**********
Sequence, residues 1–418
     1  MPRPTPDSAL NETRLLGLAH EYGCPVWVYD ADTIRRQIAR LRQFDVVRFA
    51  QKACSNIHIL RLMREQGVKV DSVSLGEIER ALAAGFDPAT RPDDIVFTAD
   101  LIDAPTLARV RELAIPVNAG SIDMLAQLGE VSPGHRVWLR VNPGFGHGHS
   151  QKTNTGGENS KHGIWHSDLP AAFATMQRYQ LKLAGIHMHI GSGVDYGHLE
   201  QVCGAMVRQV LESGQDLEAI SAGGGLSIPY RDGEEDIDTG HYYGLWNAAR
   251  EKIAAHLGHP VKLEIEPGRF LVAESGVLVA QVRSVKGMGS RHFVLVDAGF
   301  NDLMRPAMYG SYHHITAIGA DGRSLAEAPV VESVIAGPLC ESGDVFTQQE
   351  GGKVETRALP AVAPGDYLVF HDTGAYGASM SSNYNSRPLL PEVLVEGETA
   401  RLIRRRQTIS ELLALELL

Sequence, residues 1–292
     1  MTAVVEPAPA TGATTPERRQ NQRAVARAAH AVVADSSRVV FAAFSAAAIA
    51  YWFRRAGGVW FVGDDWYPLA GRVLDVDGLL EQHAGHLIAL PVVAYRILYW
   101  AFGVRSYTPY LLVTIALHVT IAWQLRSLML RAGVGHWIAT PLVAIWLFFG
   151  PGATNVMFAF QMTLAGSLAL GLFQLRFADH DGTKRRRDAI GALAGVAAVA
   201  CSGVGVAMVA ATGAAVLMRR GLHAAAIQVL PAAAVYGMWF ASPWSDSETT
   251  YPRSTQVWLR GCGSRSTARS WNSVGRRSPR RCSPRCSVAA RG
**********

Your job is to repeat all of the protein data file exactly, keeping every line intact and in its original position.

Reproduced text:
Sequence, residues 1–418
     1  MPRPTPDSAL NETRLLGLAH EYGCPVWVYD ADTIRRQIAR LRQFDVVRFA
    51  QKACSNIHIL RLMREQGVKV DSVSLGEIER ALAAGFDPAT RPDDIVFTAD
   101  LIDAPTLARV RELAIPVNAG SIDMLAQLGE VSPGHRVWLR VNPGFGHGHS
   151  QKTNTGGENS KHGIWHSDLP AAFATMQRYQ LKLAGIHMHI GSGVDYGHLE
   201  QVCGAMVRQV LESGQDLEAI SAGGGLSIPY RDGEEDIDTG HYYGLWNAAR
   251  EKIAAHLGHP VKLEIEPGRF LVAESGVLVA QVRSVKGMGS RHFVLVDAGF
   301  NDLMRPAMYG SYHHITAIGA DGRSLAEAPV VESVIAGPLC ESGDVFTQQE
   351  GGKVETRALP AVAPGDYLVF HDTGAYGASM SSNYNSRPLL PEVLVEGETA
   401  RLIRRRQTIS ELLALELL

Sequence, residues 1–292
     1  MTAVVEPAPA TGATTPERRQ NQRAVARAAH AVVADSSRVV FAAFSAAAIA
    51  YWFRRAGGVW FVGDDWYPLA GRVLDVDGLL EQHAGHLIAL PVVAYRILYW
   101  AFGVRSYTPY LLVTIALHVT IAWQLRSLML RAGVGHWIAT PLVAIWLFFG
   151  PGATNVMFAF QMTLAGSLAL GLFQLRFADH DGTKRRRDAI GALAGVAAVA
   201  CSGVGVAMVA ATGAAVLMRR GLHAAAIQVL PAAAVYGMWF ASPWSDSETT
   251  YPRSTQVWLR GCGSRSTARS WNSVGRRSPR RCSPRCSVAA RG